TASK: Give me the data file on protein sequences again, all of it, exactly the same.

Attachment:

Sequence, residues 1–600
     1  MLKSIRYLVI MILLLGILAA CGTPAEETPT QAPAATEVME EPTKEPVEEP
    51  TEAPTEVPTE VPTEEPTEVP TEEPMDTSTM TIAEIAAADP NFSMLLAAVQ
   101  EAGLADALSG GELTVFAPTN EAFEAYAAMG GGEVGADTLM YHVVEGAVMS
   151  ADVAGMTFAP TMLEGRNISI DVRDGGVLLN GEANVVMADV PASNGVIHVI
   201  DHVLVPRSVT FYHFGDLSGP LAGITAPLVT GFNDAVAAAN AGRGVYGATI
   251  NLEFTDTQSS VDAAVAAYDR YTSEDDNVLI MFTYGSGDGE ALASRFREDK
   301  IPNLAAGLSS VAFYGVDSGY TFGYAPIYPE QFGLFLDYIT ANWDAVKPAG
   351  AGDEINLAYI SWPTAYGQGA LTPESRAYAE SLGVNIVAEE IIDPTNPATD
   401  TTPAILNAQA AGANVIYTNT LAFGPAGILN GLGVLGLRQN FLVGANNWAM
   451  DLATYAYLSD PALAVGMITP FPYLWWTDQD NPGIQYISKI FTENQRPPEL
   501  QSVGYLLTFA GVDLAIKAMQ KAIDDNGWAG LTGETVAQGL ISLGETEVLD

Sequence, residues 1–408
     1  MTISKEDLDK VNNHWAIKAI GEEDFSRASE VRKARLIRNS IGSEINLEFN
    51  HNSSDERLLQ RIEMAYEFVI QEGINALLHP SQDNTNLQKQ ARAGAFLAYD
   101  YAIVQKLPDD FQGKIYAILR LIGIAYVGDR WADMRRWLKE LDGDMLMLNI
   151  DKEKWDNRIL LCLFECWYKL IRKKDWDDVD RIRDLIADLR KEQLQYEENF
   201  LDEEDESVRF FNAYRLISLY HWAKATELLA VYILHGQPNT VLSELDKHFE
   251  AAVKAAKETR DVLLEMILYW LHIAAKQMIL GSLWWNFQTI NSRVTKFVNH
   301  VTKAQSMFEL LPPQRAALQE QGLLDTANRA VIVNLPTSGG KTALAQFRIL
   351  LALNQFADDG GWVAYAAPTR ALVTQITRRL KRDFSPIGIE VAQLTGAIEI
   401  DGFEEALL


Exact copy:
Sequence, residues 1–600
     1  MLKSIRYLVI MILLLGILAA CGTPAEETPT QAPAATEVME EPTKEPVEEP
    51  TEAPTEVPTE VPTEEPTEVP TEEPMDTSTM TIAEIAAADP NFSMLLAAVQ
   101  EAGLADALSG GELTVFAPTN EAFEAYAAMG GGEVGADTLM YHVVEGAVMS
   151  ADVAGMTFAP TMLEGRNISI DVRDGGVLLN GEANVVMADV PASNGVIHVI
   201  DHVLVPRSVT FYHFGDLSGP LAGITAPLVT GFNDAVAAAN AGRGVYGATI
   251  NLEFTDTQSS VDAAVAAYDR YTSEDDNVLI MFTYGSGDGE ALASRFREDK
   301  IPNLAAGLSS VAFYGVDSGY TFGYAPIYPE QFGLFLDYIT ANWDAVKPAG
   351  AGDEINLAYI SWPTAYGQGA LTPESRAYAE SLGVNIVAEE IIDPTNPATD
   401  TTPAILNAQA AGANVIYTNT LAFGPAGILN GLGVLGLRQN FLVGANNWAM
   451  DLATYAYLSD PALAVGMITP FPYLWWTDQD NPGIQYISKI FTENQRPPEL
   501  QSVGYLLTFA GVDLAIKAMQ KAIDDNGWAG LTGETVAQGL ISLGETEVLD

Sequence, residues 1–408
     1  MTISKEDLDK VNNHWAIKAI GEEDFSRASE VRKARLIRNS IGSEINLEFN
    51  HNSSDERLLQ RIEMAYEFVI QEGINALLHP SQDNTNLQKQ ARAGAFLAYD
   101  YAIVQKLPDD FQGKIYAILR LIGIAYVGDR WADMRRWLKE LDGDMLMLNI
   151  DKEKWDNRIL LCLFECWYKL IRKKDWDDVD RIRDLIADLR KEQLQYEENF
   201  LDEEDESVRF FNAYRLISLY HWAKATELLA VYILHGQPNT VLSELDKHFE
   251  AAVKAAKETR DVLLEMILYW LHIAAKQMIL GSLWWNFQTI NSRVTKFVNH
   301  VTKAQSMFEL LPPQRAALQE QGLLDTANRA VIVNLPTSGG KTALAQFRIL
   351  LALNQFADDG GWVAYAAPTR ALVTQITRRL KRDFSPIGIE VAQLTGAIEI
   401  DGFEEALL